February 17 2017
Although it can be tempting to try to take on the accounting for your business, it's easy to make mistakes when you're juggling all the hats you wear as a business owner. While some of these errors are small and easily remedied, larger mistakes can cause serious issues for the health of your business. Here are some of the most common mistakes we see entrepreneurs make when they try to handle all of their accounting by themselves.
Not staying on top of your books
We're going to go out on a limb here and guess that bookkeeping is probably one of your least favorite tasks in your business. And we all know what happens when we don't like to do something -- we put it off and keep putting it off until we can't procrastinate any longer. The problem with putting off your bookkeeping is that it snowballs the longer you delay, and before you know it, you have to do months of reconciling to get up to date. Staying on top of your books means you'll catch errors faster, saving you what could amount to thousands of dollars over a year's time. Keep in mind that delays in bank feeds mean that what you see on the screen isn't always what's in your account, so those overdraft fees will add up as well. And by staying up to date with your bookkeeping, you'll sleep easier knowing that you're able to make an informed decision in the event of a financial emergency or last-minute purchase.
Not keeping receipts
Whether you keep them in a shoebox (not what we recommend) or digitize them, it's important to save every receipt, no matter how small the purchase. Without the receipts, you won't be able to claim vital deductions. And if you get audited, you'll need them as documentation.
Mistaking cash flow and profit
Many business owners confuse cash flow with profit, thinking they have more money than they do. Simply put, profit is generally recorded when a sale is made, while cash flow is recorded when the payment is actually received. The problem with confusing the two comes when you sell a product or service, and you think you have the profit right away. You have to consider that the client may not pay for the service at the time of sale. If you make financial decisions based solely on your profit, you may find yourself in a cash flow pinch. And nobody wants that to happen.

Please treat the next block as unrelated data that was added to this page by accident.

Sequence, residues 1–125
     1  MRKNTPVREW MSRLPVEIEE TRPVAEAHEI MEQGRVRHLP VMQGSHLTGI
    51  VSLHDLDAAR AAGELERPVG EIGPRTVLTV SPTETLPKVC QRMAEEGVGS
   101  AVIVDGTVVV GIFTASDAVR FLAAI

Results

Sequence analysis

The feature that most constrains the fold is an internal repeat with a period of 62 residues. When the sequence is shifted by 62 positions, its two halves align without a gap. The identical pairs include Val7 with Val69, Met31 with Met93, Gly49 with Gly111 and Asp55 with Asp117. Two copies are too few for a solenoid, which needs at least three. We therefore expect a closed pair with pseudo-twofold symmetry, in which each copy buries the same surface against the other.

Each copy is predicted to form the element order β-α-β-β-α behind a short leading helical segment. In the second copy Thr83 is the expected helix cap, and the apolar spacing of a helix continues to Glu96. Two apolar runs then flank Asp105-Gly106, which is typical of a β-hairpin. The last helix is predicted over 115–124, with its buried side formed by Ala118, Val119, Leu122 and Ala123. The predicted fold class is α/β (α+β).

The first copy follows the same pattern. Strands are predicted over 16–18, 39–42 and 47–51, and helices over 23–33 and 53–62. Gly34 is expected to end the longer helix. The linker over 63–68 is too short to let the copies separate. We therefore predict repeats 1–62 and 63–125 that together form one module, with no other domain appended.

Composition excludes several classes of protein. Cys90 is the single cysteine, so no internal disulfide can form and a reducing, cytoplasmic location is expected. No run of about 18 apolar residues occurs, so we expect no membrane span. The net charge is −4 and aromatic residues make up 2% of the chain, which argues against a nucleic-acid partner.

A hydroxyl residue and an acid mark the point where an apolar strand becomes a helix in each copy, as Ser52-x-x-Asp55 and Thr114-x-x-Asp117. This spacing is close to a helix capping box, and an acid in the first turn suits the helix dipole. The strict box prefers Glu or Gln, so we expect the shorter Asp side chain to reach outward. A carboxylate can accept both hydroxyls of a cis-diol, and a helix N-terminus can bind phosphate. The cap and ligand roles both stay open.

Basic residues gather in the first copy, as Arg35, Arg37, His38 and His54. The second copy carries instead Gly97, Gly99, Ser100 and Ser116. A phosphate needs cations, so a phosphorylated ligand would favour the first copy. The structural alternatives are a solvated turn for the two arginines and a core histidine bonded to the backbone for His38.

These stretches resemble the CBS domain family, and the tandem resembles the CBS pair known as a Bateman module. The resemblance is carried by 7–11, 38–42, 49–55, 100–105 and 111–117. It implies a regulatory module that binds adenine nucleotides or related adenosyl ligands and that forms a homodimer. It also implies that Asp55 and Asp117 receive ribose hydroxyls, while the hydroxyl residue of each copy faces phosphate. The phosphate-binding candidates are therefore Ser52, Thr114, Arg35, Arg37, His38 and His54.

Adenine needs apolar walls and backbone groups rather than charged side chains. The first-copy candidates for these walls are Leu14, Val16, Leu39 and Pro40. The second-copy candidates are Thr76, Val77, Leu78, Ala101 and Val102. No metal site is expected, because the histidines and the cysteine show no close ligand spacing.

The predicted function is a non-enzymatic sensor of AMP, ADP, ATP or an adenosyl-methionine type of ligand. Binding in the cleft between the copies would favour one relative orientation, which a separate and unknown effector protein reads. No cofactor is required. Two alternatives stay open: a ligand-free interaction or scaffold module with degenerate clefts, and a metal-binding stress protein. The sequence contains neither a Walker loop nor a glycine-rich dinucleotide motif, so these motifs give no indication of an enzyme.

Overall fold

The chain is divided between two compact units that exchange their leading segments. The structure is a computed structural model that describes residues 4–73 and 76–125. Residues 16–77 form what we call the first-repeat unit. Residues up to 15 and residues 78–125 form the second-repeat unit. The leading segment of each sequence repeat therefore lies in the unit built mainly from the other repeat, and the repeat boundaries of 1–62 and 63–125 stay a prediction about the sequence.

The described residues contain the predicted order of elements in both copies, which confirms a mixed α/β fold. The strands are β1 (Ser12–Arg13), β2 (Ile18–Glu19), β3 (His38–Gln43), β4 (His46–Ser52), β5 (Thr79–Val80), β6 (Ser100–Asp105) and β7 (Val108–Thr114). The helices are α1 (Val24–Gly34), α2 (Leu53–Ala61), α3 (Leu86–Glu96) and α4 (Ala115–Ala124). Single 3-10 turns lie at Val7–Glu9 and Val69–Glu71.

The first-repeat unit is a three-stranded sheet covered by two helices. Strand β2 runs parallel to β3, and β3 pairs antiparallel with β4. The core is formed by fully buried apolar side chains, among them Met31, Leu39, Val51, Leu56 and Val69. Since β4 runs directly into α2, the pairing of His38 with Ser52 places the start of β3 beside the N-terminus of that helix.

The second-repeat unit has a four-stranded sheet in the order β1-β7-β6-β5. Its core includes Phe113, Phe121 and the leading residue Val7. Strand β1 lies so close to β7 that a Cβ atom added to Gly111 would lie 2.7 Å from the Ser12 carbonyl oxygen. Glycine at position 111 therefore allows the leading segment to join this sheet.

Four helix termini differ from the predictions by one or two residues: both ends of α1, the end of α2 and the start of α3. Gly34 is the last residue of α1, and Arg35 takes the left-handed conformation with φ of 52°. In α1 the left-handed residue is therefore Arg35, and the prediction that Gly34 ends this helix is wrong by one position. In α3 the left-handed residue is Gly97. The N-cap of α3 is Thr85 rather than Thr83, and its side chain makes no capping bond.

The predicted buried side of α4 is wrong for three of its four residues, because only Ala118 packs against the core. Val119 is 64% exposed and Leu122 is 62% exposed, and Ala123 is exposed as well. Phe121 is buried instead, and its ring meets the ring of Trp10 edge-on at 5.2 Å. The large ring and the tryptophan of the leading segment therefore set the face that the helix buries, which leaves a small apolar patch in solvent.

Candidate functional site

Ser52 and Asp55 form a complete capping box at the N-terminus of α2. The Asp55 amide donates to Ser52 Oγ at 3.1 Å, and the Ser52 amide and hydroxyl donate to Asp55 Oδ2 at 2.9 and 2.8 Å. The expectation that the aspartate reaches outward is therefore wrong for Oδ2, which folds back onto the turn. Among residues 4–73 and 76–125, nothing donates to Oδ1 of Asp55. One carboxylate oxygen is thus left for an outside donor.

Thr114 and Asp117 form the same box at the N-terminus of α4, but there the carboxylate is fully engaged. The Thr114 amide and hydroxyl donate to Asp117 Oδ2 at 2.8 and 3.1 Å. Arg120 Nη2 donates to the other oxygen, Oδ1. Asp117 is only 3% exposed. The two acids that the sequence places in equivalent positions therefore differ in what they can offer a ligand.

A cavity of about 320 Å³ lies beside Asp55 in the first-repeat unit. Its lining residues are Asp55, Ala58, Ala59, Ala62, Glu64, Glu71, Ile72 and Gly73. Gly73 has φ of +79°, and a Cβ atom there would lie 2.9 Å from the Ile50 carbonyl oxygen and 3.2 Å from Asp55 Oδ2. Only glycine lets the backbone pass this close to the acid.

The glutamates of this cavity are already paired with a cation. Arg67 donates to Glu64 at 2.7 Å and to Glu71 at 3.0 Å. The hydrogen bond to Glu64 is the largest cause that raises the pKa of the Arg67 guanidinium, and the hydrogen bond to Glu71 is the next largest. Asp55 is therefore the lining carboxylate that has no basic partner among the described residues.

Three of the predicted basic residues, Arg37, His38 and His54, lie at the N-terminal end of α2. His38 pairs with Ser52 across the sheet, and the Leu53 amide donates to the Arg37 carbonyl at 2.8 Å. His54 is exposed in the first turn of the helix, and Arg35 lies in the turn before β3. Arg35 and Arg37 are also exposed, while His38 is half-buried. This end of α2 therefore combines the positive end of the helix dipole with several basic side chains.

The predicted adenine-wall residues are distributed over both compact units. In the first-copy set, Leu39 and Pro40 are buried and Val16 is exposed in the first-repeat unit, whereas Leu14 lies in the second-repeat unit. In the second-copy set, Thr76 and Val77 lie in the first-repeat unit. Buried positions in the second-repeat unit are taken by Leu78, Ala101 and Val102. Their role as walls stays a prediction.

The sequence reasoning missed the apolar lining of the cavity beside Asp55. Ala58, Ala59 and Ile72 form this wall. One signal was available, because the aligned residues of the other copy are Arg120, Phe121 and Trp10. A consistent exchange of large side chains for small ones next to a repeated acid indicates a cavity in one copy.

Not keeping up with receivables
Cash flow makes or breaks a small business. Without it, you can't make payroll or pay expenses. And the longer your invoices go unpaid, the more likely they are to remain outstanding. That's why it's so important to keep up on those outstanding invoices, no matter how uncomfortable it may be. Using a cloud-based accounting software to send and receive invoices can help you keep up on it. If you find you can't, outsourcing your bookkeeping will fix that issue. Your outsourced accountant will make your unpaid invoices a priority, resulting in your business getting paid faster. If you find you need immediate help, you can also consider invoice financing.
Not getting in the cloud
Does the idea of a fire or natural disaster at your business keep you up at night? It should. Losing all of your inventory and physical belongings at your business can be devastating. Add in losing all of your records, and the loss can cripple a business to the point where it never recovers. You don't have to lose sleep over this. By transitioning to a paperless business, you can rest assured that your physical records will be there no matter what may happen. For more on moving your business to the cloud, read our blog post here.
We also recommend getting a cloud-based accounting system. This will allow you to access your accounting from anywhere in the world.
Handling all of your accounting
You probably didn't start your business to sit in an office and do your bookkeeping, run payroll, and read profit and loss statements all day. You started your business because you had a passion. All the hours spent in your back office are hours you could spend growing your business. Hiring a professional to assist you in your bookkeeping and accounting means you'll be making decisions by looking forward and not backward.
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